text size: smaller reset larger



Poverty is declining, says World Bank

The latest World Development Indicators released by the World Bank, show that the number of people living in extreme poverty has fallen by 18.4 per cent between 2000 and 2004. The Bank attributes this decline to increased annual growth in GDP across the developing world. The number of people in the world living on less than $1 per day is also declining, falling by over 260 million between 1990 and 2004 - though this is attributed to China's massive poverty reduction.

However, critics have noted that high economic growth rates have not reduced poverty meaningfully for many people. In Africa, the number of poor people between 1994 and 2004 remained at 298 million, despite impressive growth rates. The WDI report provides statistics on indicators such as health, transport, access to water resources and communication facilities. It is released amidst criticism of the G8 industrialised nations for failing to meet aid pledges, so far reaching only 10 per cent of the US$50 billion agreed for Africa in 2005.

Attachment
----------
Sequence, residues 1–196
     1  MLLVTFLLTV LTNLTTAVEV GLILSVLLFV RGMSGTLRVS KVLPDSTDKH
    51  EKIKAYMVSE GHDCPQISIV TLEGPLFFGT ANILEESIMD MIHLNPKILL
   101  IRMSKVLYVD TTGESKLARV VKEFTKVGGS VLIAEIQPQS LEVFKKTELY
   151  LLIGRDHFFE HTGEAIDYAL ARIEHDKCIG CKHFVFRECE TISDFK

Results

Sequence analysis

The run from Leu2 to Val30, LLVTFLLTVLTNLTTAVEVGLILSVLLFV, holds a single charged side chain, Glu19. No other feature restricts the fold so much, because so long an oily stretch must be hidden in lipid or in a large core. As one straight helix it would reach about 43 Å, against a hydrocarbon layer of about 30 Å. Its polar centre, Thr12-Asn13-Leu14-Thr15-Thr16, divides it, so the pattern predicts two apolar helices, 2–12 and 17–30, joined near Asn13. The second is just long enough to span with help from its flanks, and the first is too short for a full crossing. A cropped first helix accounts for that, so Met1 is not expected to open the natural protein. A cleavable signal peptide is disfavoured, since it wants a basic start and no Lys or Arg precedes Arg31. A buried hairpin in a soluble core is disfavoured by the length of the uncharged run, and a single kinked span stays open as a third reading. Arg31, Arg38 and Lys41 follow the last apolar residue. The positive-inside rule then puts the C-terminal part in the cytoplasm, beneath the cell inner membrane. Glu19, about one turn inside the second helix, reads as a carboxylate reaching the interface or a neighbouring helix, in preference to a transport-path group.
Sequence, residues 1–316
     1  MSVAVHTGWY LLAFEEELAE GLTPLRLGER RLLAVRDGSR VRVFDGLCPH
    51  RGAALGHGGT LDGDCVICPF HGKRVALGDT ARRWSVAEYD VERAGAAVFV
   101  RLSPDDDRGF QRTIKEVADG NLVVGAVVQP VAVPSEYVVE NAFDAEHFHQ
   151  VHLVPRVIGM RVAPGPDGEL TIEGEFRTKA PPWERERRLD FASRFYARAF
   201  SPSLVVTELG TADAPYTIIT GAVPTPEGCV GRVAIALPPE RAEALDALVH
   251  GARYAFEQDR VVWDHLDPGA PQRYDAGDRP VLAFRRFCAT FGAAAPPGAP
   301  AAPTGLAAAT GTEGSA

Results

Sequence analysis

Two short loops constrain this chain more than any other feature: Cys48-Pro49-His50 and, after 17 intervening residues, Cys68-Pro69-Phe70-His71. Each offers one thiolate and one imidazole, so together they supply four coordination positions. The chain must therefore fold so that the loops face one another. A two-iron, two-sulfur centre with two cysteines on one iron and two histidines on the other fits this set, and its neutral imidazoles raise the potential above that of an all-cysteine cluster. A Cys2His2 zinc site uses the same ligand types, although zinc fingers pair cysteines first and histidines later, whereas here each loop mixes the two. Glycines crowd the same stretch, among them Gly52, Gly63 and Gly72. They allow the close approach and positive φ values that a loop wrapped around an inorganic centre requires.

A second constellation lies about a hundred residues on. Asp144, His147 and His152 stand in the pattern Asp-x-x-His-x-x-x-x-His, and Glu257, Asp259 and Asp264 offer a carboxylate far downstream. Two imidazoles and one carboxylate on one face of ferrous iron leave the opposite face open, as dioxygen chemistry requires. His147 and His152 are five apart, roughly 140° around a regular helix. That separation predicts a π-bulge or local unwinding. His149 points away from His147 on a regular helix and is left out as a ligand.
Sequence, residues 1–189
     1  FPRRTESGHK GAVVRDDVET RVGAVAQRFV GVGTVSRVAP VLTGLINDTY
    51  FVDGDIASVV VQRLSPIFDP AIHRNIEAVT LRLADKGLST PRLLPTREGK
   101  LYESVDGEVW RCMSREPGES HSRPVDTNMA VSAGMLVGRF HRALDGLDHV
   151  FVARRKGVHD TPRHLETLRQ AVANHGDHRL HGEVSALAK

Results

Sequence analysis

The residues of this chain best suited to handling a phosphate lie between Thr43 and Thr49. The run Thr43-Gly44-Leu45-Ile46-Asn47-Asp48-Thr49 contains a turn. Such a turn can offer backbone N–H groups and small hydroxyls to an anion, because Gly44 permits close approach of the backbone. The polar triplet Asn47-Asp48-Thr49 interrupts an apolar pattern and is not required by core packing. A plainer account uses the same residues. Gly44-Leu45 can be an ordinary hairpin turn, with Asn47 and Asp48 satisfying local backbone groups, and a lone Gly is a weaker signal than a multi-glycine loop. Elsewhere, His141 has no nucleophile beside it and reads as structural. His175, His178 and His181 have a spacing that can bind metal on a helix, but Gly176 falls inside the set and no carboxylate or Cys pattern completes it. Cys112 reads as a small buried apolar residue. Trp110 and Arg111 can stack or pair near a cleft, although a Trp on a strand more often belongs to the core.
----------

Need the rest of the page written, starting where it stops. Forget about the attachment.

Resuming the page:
Date published: May 2007


Have your say


The New Agriculturist is a WRENmedia production.

This website uses cookies to improve your experience. By continuing to browse the site you are agreeing to our use of cookies.
Read more